Established in the early 1980’s, the Mara Salvatrucha (MS-13) – literally, the ‘Salvadoran Gang’ – are a massive and violent street gang who carry out “murders, assaults… robberies, and underground prostitution rings”. The gang has no modus operandi or formal hierarchy – unlike many of the groups on this list. No stated goal or formal hierarchy means that there is no direct way to combat their operations or attempt to dismantle the group. The gang’s roots can be traced back to the streets of Los Angeles, but the majority of the gang members are Salvadorian and Guatemalan by ethnicity. Stretching through much of Central America, the MS-13 have stretched as far north as the United States and even Canada. Insight Crimes states that their “activities have helped make the Northern Triangle – Guatemala, El Salvador, and Honduras – the most violent place in the world that is not at war”. Recently, the US Department of the Treasury registered the MS-13 as a full-fledged “transnational criminal organization” which made history by being the first street gang to receive such a designation.
4. Comando Vermelho (1979)
Thought to be “Brazil’s oldest and largest criminal group,” the Comando Vermelho (CV) – Red Command – is the preeminent gang in the Brazilian city of Rio de Janeiro. Not unlike the PCC, the CV started out as a group to protect prison members, but fell into muggings, bank robberies, and drug trafficking. The CV has been linked to Colombian drug cartels in their efforts to maintain drug revenue and continue their operations throughout the country and the region. In 2012, one of the leaders of the CV – Osmar Jesus Chavez – was killed in Paraguay during a shootout with rival gang members. Reports indicate that two assassins were sent into a bar while Chavez played pool and executed him on the bar floor. According to Brazilian officials, the border with Paraguay and Argentina – known as the Tri-Border Region – lacks effective monitoring from either country which results in a safe haven for many gang members from the region. As is the tradition, Chavez has already been replaced by another commander to maintain the group’s operations.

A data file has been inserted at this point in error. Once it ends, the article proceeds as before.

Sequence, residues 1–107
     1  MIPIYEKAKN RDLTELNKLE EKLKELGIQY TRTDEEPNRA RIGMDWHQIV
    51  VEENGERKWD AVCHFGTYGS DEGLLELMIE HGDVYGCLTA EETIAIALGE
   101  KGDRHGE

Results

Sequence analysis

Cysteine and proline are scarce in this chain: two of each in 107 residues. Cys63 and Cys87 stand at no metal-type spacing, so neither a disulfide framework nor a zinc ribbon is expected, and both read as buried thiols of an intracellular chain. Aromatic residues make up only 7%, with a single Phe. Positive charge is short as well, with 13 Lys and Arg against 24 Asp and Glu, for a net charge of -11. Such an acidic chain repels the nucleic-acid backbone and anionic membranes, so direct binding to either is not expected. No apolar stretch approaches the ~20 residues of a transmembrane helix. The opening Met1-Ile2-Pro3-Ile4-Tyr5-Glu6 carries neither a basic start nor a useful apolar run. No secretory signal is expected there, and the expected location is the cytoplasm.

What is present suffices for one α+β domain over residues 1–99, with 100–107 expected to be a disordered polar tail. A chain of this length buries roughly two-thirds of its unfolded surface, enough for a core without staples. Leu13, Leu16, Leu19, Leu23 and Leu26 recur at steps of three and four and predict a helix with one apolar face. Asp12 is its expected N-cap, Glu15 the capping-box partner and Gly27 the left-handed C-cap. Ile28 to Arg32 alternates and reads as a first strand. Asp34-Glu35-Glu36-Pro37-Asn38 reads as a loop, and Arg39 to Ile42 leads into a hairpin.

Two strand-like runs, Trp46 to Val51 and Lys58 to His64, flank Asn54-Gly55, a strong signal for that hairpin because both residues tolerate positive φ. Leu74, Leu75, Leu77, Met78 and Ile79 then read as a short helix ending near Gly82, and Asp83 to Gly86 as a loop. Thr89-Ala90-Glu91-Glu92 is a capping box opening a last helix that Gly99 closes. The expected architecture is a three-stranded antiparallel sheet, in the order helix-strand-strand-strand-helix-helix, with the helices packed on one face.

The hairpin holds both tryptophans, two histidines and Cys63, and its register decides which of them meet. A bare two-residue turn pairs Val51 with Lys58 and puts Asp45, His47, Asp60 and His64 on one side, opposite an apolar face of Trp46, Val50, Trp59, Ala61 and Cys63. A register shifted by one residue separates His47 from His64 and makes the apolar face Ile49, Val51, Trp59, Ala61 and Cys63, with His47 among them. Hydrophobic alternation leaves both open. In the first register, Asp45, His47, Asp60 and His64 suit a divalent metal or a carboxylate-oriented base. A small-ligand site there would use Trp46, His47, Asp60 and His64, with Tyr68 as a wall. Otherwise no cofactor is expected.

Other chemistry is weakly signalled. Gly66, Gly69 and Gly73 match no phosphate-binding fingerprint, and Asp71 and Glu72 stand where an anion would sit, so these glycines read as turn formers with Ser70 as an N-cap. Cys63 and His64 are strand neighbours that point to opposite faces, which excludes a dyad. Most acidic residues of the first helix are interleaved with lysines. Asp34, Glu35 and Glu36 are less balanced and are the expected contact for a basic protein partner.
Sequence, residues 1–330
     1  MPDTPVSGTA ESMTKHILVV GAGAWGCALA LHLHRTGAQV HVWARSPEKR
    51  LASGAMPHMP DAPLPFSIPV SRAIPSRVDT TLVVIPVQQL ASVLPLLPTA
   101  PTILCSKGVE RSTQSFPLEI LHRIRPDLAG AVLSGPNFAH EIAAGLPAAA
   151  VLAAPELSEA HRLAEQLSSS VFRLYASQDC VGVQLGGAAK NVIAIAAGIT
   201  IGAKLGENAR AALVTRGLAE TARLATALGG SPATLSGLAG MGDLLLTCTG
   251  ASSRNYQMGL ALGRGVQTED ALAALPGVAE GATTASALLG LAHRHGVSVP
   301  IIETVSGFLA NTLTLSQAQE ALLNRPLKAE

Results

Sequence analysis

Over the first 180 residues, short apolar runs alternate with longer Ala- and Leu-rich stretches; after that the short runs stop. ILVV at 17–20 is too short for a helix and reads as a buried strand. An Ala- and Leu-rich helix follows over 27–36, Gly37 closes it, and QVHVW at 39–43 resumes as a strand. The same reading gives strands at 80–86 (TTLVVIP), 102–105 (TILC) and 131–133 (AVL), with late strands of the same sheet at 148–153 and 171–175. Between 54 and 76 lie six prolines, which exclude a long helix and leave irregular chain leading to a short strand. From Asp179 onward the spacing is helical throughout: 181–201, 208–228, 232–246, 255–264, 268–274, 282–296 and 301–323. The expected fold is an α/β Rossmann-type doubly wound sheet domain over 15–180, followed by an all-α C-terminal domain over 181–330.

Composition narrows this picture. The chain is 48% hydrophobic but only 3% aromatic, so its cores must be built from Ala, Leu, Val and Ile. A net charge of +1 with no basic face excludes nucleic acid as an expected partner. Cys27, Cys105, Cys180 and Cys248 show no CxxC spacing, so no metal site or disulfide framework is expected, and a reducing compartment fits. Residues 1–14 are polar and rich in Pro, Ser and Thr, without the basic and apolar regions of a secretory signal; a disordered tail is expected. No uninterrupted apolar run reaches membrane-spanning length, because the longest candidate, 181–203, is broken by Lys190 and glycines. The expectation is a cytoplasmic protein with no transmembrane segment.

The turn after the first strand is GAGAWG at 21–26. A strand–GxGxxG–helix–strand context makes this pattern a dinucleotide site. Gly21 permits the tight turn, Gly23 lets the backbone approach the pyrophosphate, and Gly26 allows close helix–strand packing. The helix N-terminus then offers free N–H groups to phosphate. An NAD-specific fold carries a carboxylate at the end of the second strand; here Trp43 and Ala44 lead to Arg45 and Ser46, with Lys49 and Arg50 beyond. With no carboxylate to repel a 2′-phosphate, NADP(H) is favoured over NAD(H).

3. Cartel de Juarez (Established 1970)
Operating out of the Northern Mexican provinces and neighbouring regions in the United States, the Juarez Cartel has been in operation since the early 1970s and has had a turgid war with the Sinaloa Cartel for control of the region. On top of drug trafficking, the gang has been known for people smuggling, money laundering, bribery, kidnappings, racketeering, arms trafficking, and the fear-instilling practice of decapitating rivals and dumping their corpses in public places. Reports have recently indicated that there is a waning strength in the Cartel de Juarez, but the group’s strength and connections run deep. Their major ally is the Colombian group the Revolutionary Armed Forces of Colombia (FARC), who represent some of their largest suppliers of drugs from South America. The group also controls much of the police force and prominent politicians. These are only some of the advantages that the group has from being one of the oldest criminal organizations in the country with the highest number of connections.
2. Mara-18 (Established 1960)
Mara-18, M-18, Barrio 18, Calle 18 – the Mara 18 operates under a vast array of pseudonyms and different titles, but their 50-year long operation is in the process of rebranding. Like its rival, the MS-13, the Mara 18 started life as a street gang in Los Angeles and spread both Northward and Southward from there on. Thought to have more than 30, 000 members, the M-18 boasts some of the largest membership numbers in the world and controls much of Central America. Much of the gang’s operations have converged on Honduras, which was recently cited as the most dangerous city in the world, again. Drug trafficking provides much of the gang’s revenue, but they have been known to engage in much more such as theft, murder, extortion, kidnapping, assault, illegal gambling, people smuggling, and document forging. The different cliques and cells within the group make it difficult to outline a formal hierarchy which – again – makes it difficult for authorities to combat the group as an organization.
1. Cartel del Golfo (Established 1930)
The granddaddy of Mexican drug cartels, the Cartel del Golfo, has been around since the early 1930’s – which means they’ve outlived many American mafia groups. With age, though, the Cartel has begun to lose territory to younger and more dynamic cartels – falling by the wayside while gangs like the Sinaloa Cartel and Los Zetas engage in massive warfare. Nonetheless, the group is still cunning and has trimmed down its involvement to produce some of the largest gains. The Cartel Del Golfo mostly operates in drug trafficking within Mexico’s eastern states and the Southern United States, but is “known to outsource other activities…to local ‘enforcer’ gangs”. Most notably, the Cartel del Golfo was linked with Los Zetas before they broke off to form their own independent operation, sparking a four-year war between the two organizations.